Interest in UISG positions low this year


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Campaigning for a University of Iowa Student Government seat could be a bit easier this year.
Because of the small number of candidates, each one is likely guaranteed to win a seat, lessening campaign pressures, said Kristi Finger, the Office of Student Life’s assistant director for student-organization development.

Only 39 students are vying for Senate seats this year, compared with between 40 and 50 in 2009, said Gordon Sonnenschein, the Student Elections Board spokesman.

That’s significant because there are also 39 open seats, Finger said.

While the Student Elections Board still plans to hold elections, they will be held later in the semester as a result of feedback from outgoing UISG President Michael Currie, she said.

Currie said he thinks the reason for the decrease in petitions is that the presidential and vice-presidential candidates recruit for their own tickets.

Because John Rigby and Erica Hayes are running unopposed for president and vice president, they only recruited enough senators to fill their ticket.

“If there were another ticket, you would probably have 39 other people running,” Currie said.

But Timothy Hagle, a UI political-science associate professor, said he found the decreased interest in student government odd, noting it’s most likely an anomaly this year.

“We are in pretty tough economic times, and the university is hurting,” he said. “Some of the issues that people will run on maybe don’t seem quite as important, and people are focused on other activities.”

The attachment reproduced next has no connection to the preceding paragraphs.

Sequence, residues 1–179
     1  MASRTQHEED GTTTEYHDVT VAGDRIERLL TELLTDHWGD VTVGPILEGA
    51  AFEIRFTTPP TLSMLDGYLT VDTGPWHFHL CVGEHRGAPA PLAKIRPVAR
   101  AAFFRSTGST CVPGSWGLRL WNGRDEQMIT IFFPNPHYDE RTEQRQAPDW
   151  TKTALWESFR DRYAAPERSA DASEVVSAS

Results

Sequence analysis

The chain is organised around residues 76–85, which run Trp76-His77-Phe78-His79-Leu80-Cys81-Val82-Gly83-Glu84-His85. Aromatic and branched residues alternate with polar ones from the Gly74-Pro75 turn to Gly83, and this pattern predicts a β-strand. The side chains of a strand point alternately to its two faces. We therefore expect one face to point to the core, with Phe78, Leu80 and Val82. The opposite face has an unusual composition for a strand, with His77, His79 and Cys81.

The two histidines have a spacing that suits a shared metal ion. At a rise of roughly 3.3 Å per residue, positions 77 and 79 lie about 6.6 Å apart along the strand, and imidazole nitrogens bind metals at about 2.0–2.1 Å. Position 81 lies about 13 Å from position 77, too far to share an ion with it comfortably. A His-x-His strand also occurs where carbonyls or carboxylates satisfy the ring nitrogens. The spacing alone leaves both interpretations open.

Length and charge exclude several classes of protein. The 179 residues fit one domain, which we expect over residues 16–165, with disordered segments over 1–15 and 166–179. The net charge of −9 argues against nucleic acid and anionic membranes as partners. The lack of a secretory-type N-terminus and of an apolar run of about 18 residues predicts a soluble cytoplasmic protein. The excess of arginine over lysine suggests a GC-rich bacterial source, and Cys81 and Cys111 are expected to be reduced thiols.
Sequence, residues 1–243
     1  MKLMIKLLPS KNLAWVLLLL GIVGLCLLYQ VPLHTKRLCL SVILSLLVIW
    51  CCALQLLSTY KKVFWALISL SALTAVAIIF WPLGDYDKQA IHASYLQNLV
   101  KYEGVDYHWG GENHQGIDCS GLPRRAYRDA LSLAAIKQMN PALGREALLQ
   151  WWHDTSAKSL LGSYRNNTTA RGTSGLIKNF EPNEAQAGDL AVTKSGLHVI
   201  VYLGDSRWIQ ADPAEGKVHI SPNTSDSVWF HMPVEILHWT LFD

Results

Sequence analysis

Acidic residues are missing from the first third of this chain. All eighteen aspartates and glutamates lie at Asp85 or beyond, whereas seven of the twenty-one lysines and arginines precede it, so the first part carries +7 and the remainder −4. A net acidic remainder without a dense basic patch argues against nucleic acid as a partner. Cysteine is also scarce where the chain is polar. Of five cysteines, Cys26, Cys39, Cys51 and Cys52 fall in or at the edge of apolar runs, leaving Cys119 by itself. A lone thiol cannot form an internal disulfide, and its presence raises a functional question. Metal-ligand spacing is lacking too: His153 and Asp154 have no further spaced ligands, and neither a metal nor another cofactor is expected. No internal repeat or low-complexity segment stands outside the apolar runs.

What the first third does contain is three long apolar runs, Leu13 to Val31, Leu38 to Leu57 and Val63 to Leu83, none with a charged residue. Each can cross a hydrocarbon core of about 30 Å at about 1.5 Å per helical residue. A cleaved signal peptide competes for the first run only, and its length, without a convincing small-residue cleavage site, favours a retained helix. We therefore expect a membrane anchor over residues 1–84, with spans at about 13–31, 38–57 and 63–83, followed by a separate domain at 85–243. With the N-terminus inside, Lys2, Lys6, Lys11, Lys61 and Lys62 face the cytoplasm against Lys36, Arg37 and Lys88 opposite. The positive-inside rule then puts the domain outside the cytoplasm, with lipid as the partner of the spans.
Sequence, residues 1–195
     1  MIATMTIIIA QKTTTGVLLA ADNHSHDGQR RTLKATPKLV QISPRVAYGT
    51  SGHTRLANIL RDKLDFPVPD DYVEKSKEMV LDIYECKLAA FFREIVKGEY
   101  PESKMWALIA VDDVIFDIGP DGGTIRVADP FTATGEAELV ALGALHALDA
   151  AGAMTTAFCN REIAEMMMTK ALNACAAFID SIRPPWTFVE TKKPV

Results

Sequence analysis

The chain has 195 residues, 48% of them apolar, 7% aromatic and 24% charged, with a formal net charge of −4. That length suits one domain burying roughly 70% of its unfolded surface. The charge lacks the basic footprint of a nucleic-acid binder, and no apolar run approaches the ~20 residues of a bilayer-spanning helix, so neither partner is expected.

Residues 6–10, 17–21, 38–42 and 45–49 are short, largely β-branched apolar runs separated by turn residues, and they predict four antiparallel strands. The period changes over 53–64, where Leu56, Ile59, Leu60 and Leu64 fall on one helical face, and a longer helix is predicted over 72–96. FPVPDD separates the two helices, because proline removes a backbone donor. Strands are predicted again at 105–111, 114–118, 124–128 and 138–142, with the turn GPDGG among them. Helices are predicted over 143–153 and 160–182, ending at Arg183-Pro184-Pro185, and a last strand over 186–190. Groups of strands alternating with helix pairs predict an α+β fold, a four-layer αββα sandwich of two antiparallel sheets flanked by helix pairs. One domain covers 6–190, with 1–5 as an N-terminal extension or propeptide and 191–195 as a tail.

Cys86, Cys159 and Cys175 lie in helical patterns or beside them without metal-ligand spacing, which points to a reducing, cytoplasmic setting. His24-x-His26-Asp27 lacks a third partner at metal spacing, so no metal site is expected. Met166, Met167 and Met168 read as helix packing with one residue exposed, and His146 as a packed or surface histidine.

With the university struggling financially, he said, students might have trouble justifying their campaign hopes.

And without stiff competition, candidates likely won’t dole out as many dollars.

Currie and UISG Vice President JD Moran spent approximately $3,000 to campaign — money that came out of their own pockets.

Rigby said his ticket plans to spend around $800 of the members’ money, mostly on T-shirts and fliers. While senators on the ticket were not required to donate money to the campaign, some chose to give around $20 or $25.

The mass number of T-shirts, buttons, and fliers that usually grace the campus during UISG elections will still be around, Rigby said, but won’t be as extravagant as in past years.

At other Big Ten schools, interest in student government has remained steady.

Abhishek Mahanti, the president of the University of Michigan Student Assembly, said the number of students interested is no different this year.

Tyler Junger, the head of the Associated Students of Madison, said the University of Wisconsin hasn’t seen a significant drop either.

Currie thinks UISG elections will most likely return to normal next year, he said, and he feels the lone presidential ticket is a result of most students not wanting to contest Rigby and Hayes.

“It would be suicide to run against them,” he said.

Candidates can begin campaigning March 29, and elections will be held April 7-8.

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